Sen. Bernie Sanders (I-VT) has reversed himself on Twitter’s permanent ban of President Donald Trump, going from supporting the ban in January to questioning it now.
In January, Sanders said, “If Trump is too dangerous to send out a tweet or a Facebook post, he’s too dangerous to be commander-in-chief. Donald Trump must be removed from office immediately and held accountable for his horrific acts of sedition, violence and chaos.”
Of course, it was only Twitter’s arbitrary decision that rendered him too “dangerous,” not any real objective measurement.
But now, Sanders said to Ezra Klein, “If you’re asking me, do I feel particularly comfortable that the then-president of the United States could not express his views on Twitter? I don’t feel comfortable about that . . . . Because yesterday it was Donald Trump who was banned, and tomorrow, it could be somebody else who has a very different point of view. I don’t like giving that much power to a handful of high-tech people.”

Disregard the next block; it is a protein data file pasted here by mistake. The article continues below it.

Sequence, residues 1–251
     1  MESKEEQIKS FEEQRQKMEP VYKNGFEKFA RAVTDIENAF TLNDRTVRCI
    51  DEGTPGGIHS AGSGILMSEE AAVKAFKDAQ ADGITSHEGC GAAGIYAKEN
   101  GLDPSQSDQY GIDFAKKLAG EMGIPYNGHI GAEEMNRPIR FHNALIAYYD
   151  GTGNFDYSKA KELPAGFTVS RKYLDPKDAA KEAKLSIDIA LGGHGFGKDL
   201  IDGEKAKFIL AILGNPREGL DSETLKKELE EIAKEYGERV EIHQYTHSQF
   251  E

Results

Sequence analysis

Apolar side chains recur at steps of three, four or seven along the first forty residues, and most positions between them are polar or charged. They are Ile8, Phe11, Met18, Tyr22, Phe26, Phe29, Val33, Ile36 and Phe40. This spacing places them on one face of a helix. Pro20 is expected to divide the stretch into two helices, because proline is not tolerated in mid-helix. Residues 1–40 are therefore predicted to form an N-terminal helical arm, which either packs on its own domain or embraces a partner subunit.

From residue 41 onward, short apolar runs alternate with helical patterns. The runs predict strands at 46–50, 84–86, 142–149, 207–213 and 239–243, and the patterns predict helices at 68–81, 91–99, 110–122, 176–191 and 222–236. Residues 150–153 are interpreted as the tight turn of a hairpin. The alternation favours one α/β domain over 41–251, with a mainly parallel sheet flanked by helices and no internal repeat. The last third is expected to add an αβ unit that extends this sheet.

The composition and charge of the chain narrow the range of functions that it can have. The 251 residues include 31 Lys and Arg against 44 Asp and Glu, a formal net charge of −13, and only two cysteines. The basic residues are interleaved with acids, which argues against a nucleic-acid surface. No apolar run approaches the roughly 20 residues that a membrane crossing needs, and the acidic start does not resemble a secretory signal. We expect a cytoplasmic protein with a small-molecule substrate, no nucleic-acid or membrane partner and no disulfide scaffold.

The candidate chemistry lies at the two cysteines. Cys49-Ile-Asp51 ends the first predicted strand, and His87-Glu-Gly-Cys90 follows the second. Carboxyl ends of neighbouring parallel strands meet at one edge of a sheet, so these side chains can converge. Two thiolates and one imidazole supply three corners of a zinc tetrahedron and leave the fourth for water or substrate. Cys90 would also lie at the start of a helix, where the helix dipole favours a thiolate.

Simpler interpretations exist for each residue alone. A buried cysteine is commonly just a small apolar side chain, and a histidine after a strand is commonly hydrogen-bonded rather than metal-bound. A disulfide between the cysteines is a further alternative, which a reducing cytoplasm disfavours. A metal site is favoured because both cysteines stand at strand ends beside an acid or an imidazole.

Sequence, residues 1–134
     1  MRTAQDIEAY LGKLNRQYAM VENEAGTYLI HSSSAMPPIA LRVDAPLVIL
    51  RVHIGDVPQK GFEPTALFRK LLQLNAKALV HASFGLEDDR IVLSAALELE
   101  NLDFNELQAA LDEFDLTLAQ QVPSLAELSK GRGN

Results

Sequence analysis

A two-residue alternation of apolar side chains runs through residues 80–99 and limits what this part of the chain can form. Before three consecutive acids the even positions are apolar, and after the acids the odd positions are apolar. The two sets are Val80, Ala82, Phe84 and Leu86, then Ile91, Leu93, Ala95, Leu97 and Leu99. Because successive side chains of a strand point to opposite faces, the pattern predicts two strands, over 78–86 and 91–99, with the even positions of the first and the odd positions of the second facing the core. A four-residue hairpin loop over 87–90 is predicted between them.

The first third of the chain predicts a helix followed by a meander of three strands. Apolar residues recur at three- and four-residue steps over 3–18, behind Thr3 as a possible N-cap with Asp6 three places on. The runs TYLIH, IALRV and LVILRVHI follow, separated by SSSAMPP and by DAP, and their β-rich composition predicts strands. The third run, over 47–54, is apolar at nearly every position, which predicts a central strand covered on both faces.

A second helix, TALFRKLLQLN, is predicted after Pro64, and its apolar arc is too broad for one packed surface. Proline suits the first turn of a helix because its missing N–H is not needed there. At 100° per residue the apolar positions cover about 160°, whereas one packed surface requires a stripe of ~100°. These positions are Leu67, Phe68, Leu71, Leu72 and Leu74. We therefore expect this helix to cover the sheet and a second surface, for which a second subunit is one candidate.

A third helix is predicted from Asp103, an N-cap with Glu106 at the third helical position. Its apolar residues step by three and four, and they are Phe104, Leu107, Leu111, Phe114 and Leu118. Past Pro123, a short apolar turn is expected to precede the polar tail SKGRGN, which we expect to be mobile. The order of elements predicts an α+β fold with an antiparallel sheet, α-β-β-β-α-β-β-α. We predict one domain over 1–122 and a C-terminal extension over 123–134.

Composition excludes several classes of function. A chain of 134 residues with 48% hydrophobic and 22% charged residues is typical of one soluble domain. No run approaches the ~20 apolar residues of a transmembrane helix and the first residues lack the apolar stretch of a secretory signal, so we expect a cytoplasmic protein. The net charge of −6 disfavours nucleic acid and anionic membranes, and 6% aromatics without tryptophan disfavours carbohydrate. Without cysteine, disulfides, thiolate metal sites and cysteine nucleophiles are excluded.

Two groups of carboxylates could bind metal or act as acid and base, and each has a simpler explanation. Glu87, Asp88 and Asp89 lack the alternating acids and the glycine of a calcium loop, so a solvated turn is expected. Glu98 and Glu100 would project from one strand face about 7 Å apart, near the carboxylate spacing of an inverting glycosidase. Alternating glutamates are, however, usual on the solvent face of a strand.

Sanders is right now; he was not right in January. Social media censorship is always dangerous, and particularly so when all of the decision-makers are of the same viewpoints.
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